Aside from the reasons listed above, states require it so that consumers and creditors are able to identify the true name of the business. Suppose a consumer is injured by a product sold by "Michael's Roofing." The consumer searches her state's secretary of state's website for "Michael's Roofing" and can't find it. Whom is she going to sue? She will have to figure out the real name of the entity if she wants any judgment to be effective.


If "Michael's Roofing" does have a dba, the consumer now knows who the real owner is: John Smith. So if she wants to sue this sole proprietorship (in, for example, California), she would likely sue "John Smith, dba Michael's Roofing, an individual, rather than simply "John Smith, an individual."


It can also ensure that the correct name is on a contract. As discussed here, parties to a contract must have authority to enter the contract on behalf of a business, otherwise the business might not be bound. Suppose John Smith signs a contract for "John's Roofing." There is no mention of "John's Roofing, LLC" on the contract. A plaintiff could argue that John Smith signed on behalf of a dba sole proprietorship rather than the LLC. And this lack of formality could even lead to veil piercing issues.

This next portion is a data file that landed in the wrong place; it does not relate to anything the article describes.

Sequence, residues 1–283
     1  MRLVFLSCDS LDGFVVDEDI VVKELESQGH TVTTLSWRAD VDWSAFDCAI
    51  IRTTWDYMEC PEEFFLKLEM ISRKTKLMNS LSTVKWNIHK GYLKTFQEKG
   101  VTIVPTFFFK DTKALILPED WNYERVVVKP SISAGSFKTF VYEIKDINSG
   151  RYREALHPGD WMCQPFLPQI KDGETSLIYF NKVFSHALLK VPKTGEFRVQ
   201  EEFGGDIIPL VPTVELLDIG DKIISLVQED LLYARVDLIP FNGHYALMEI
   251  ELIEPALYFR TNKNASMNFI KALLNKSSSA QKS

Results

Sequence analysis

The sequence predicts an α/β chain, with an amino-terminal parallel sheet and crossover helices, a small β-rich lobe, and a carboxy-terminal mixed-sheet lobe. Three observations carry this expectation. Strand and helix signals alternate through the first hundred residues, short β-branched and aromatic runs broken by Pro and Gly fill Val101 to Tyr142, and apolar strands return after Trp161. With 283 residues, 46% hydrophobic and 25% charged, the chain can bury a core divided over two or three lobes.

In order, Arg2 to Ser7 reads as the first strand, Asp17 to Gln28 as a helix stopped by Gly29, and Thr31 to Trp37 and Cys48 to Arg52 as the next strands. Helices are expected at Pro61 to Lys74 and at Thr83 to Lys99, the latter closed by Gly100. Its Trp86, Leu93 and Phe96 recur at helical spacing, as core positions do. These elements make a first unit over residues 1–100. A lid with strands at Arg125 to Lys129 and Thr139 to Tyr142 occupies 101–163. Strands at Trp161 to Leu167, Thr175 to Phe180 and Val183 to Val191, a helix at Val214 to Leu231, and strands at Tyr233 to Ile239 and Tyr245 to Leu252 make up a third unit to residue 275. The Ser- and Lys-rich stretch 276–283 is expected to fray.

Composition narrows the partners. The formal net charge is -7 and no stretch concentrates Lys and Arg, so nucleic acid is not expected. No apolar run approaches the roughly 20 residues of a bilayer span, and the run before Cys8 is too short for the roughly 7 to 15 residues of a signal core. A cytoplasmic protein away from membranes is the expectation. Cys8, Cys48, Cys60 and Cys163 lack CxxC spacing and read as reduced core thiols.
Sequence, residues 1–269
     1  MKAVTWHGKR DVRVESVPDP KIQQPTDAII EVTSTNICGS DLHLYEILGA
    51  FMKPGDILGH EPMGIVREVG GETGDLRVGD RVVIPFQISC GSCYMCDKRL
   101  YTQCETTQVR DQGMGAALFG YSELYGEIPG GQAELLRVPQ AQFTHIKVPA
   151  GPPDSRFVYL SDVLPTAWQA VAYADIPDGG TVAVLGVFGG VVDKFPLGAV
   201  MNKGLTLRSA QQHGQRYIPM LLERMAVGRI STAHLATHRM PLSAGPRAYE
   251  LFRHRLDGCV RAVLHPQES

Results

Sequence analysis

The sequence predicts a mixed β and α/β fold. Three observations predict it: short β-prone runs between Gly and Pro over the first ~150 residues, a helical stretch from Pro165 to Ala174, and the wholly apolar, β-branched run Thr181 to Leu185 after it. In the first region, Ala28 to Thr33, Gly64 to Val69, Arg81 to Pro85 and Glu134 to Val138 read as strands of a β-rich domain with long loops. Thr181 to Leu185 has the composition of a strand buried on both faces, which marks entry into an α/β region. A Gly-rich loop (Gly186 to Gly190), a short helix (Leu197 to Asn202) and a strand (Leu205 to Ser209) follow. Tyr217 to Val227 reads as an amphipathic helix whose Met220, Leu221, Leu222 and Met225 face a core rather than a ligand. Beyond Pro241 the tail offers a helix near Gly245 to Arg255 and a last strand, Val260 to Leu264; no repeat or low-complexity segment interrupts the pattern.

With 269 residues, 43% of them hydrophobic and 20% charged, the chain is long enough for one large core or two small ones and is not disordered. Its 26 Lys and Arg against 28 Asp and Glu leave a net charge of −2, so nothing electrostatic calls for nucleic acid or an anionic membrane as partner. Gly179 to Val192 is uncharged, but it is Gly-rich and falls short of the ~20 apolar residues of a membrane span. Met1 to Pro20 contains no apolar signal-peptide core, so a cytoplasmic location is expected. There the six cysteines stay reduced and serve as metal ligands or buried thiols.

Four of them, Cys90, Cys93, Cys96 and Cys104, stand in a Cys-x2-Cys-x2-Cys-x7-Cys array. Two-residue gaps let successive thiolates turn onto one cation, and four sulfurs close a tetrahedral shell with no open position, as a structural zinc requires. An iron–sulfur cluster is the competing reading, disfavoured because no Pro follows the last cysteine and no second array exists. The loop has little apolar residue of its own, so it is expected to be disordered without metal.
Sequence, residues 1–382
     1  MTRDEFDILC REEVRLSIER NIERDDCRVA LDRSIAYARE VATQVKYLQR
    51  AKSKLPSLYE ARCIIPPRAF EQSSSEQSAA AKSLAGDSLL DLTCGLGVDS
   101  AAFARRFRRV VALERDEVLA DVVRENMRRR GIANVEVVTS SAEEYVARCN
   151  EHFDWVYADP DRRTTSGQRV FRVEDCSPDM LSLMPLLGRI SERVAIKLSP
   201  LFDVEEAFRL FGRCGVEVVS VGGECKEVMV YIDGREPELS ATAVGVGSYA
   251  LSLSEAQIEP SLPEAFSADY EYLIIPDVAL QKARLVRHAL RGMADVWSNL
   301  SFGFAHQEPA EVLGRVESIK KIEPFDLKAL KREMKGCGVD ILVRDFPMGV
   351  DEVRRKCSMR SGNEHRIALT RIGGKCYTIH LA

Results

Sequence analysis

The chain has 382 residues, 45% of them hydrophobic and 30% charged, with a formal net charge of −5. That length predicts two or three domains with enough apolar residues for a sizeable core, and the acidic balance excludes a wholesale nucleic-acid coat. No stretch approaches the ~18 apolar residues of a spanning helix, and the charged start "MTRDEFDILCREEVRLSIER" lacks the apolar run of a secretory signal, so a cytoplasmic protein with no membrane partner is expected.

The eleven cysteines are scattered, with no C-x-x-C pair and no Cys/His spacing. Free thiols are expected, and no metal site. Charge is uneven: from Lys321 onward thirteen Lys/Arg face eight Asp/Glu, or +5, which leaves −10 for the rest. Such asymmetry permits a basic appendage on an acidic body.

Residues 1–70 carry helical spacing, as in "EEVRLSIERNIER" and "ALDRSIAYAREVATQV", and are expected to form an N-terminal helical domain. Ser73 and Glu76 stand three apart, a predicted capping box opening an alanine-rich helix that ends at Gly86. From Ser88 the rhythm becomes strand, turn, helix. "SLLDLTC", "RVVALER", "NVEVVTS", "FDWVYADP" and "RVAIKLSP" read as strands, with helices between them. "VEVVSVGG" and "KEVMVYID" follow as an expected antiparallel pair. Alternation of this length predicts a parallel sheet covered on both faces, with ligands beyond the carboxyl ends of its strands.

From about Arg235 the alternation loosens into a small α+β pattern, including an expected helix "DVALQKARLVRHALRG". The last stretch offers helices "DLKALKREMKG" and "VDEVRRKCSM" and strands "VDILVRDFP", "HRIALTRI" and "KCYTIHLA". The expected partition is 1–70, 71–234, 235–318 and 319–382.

When is it required?


Using a Different Name


If you are using a different name, you need to file a dba. Perhaps John Smith operates a business called "John's Roofing." He will need to review his state's rules regarding dba, but he will likely need to file a dba. See Cal. Bus. & Prof. Code section 17900(b)(1), Tex. Bus. & Com. Code section 71.002(2)(A). Perhaps John Smith forms a law firm called "John Smith, A Professional Corporation." If he puts out a sign that says "Law Office of John Smith," he will need to file a dba.


Dropping the Entity Designation


Some states require a dba when an entity drops its suffix designation. For example, suppose John Smith forms a business called "John's Roofing, LLC," but he wants to operate or advertise as "John's Roofing." Depending on his state, he will likely need to file a dba (California and Texas would require a dba in that case).


Social Media Issues